Yo, Camaronero: Commercial Fishing for San Felipe Shrimp Logo
Yo, Camaronero: Commercial Fishing
for San Felipe Shrimp


Photo of commercial shrimp fishing panga, San Felipe, Mexico.

A commerical shrimp fishing panga running east from Bahia San Felipe, Baja California, Mexico. Lights are hung from the overhead hoop for working with the nets at night. The two vertical poles on the rear gunnels keep the outgoing nets flowing smoothly.

Photo of shrimp caught at San Felipe, Mexico.

A typical Alto Golfo blue shrimp (there are four commercial species available) just plucked from the 2.75-inch mesh net about six miles off San Felipe, Mexico.


By Gene Kira, Dec. 16, 2002, as published in Western Outdoor News:

Getting up at 3 a.m. for a panga ride in December isn't exactly everyone's idea of fun, but gill netting for shrimp isn't exactly a common experience in Baja either, so I figured it was well worth it.

Actually, I wasn't going to do any personal gill netting (highly illegal in Mexico without a commercial license). Instead, I had arranged to ride along with a couple of working pangueros from the fishing town of San Felipe, Baja California, Mexico, to see how the pros do it, take some rare photos, and maybe buy some super-fresh camarones for the ride home.

So, at 4 a.m., sharp, last week, I was standing on the sidewalk in front of San Felipe's Red Lobster restaurant, encased in a full rainsuit, hooded sweat shirt, two tee-shirts, swimming trunks plus long pants, double socks, hat, and a snug-fitting Lotus lifejacket outside of everything for extra warmth.

With a water-proof camera bag already sealed up for the expected very cold and wet boat ride, I was ready to go. Our very tight fishing schedule was determined by the ebb and flow of San Felipe's powerful tides, and I was hoping my presence would not annoy my hosts or cost them any undue delays.

My ride showed up, a typical panguero pickup loaded with guys, and we drove down to the commercial marina at the south end of town.

In complete darkness, we hiked out on the rock breakwater and climbed down to an oversized (26-foot-long, 8-foot-wide) panga, with extra high gunnels and a single 115-horsepower Yamaha. Lightly loaded with two 600-yard monofilament gill nets, we cruised out under the stars, and turned south, away from the Biosphere Reserve, to drop our first net off Punta Estrella just as first light was showing on the horizon. Slowly, the blue-green mesh pulled out, and we left it on the bottom for about an hour before beginning the very laborious job of pulling it in again by hand.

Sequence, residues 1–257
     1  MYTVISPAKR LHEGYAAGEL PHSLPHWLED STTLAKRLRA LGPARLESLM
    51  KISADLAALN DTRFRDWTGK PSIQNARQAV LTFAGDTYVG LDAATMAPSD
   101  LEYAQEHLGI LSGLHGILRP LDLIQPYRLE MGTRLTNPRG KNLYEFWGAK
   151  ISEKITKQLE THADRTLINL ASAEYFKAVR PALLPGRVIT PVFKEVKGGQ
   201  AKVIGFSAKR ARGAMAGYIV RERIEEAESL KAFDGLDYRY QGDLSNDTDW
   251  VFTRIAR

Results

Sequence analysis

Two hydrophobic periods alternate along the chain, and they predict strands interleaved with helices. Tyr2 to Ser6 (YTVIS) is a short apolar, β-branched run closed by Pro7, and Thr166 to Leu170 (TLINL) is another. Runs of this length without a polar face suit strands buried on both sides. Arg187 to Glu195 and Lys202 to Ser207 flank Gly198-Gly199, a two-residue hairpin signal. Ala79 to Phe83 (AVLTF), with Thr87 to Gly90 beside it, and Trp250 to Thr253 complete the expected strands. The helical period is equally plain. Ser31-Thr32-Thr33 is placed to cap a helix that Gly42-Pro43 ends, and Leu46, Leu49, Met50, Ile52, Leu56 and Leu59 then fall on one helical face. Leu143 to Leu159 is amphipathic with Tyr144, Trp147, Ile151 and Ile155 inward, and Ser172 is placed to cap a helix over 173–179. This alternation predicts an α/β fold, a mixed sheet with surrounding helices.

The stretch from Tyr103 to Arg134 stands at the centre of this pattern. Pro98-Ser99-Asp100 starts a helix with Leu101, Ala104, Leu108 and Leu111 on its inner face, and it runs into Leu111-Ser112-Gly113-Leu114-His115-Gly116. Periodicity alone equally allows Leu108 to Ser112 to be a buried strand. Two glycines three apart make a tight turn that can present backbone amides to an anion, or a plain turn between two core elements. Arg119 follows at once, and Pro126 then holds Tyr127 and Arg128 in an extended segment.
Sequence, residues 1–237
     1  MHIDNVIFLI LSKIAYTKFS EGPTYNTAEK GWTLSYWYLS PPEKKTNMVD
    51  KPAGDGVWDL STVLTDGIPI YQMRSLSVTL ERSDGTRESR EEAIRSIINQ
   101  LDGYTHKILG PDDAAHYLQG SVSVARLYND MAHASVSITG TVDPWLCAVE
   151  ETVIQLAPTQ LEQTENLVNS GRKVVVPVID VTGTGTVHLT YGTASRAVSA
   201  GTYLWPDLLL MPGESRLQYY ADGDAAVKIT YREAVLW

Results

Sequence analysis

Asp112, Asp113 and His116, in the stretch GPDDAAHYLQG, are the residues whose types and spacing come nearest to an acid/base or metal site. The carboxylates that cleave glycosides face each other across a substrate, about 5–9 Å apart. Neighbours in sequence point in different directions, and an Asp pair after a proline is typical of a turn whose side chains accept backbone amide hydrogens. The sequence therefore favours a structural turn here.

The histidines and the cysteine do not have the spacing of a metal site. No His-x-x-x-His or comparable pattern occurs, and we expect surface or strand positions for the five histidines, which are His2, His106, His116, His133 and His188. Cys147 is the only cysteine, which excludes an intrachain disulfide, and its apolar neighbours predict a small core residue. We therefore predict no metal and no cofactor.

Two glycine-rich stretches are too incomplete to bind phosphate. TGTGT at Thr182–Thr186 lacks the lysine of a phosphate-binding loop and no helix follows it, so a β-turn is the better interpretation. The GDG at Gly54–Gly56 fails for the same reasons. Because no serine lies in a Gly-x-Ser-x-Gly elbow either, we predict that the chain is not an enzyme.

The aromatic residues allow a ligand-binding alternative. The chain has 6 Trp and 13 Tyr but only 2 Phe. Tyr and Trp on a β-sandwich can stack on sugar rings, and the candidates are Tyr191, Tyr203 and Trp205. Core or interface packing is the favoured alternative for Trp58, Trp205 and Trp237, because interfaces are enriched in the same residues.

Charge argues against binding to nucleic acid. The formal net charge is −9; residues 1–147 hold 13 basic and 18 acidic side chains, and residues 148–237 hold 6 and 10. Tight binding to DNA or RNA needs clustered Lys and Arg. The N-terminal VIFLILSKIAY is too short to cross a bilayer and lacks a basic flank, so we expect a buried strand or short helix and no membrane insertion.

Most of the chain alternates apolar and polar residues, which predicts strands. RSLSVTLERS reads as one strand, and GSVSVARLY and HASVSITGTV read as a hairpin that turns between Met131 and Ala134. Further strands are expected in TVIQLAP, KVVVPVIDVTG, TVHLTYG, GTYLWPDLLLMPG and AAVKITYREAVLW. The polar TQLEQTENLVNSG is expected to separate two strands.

On our first pull (it takes about an hour of hard work by two men to recover a net), absolutely nothing came in for the first hundred yards of our 18-foot-high net, and I was thinking dark thoughts about having no photos and no shrimp for dinner that night.

But finally, after about 20 minutes of fruitless pulling on the billowing folds of empty mono netting, I spotted a bluish-gray creature about eight inches long.

Soon, more shrimp where coming in, mixed with sardinas, very small corvinas, and other bycatch, and I began keeping a mental count of everything in order to determine if this type of fishing really is less harmful than the trawlers with their 90+ percent bycatch rate and terrible bottom damage.

Yes, on this day at least, we did much better. In all, we made three pulls in 10 hours on the water, a total of 1,800 yards of stationary gill net, hand set and pulled by two pangueros, and I can say that our bycatch was definitely less than 50 percent, mainly sardinas, an unknown small species with black bars, and very small corvina (and no totoaba).

We returned to the San Felipe marina, and sorted through our catch for the local cooperativa, only about six kilos to be sold for an average price of about $15 per kilo, a very slow day, but the shrimp were really enormous. I bought three, custom hand-picked kilos of the biggest, freshest shrimp you'd ever want. Real beauties! Definitely worth getting up at 3 a.m. for!

Incidentally, if you are ever looking for a super bargain place to stay in San Felipe, I can recommend the Posada de Don Jesus, owned and operated by Oscar Armenta and located at Mar Baltico 186, phone 011-52-686-560-9576. The Posada de Don Jesus is a cluster of incredibly neat and clean house trailers operated as a fenced, secure motel, and Oscar explained that his business model is to have very low prices, and make a profit by staying busy even during the slow seasons. How low? The regular price for two people in an air conditioned trailer with all the comforts, including a kitchen, is $20 per night. Repeat, $20 per night.

Photo of shrimp fishermen, San Felipe, Mexico.

Working about 6 miles east of the Mexican fishing town of San Felipe, the panguero on the bow pulls net, while the man behind shakes loose shrimp, clears bycatch, and piles the net around his legs.

Photo of Posada de Don Jesus, San Felipe, Mexico.

Oscar Armenta at San Felipe's neat-as-a-pin Posada de Don Jesus, $20 per night for two people.

(Related San Felipe articles and reports may be found at Mexfish.com's main San Felipe information page. See weekly fishing news, photos, and reports from the major sportfishing vacation areas of Mexico including the San Felipe area in "Mexico Fishing News.")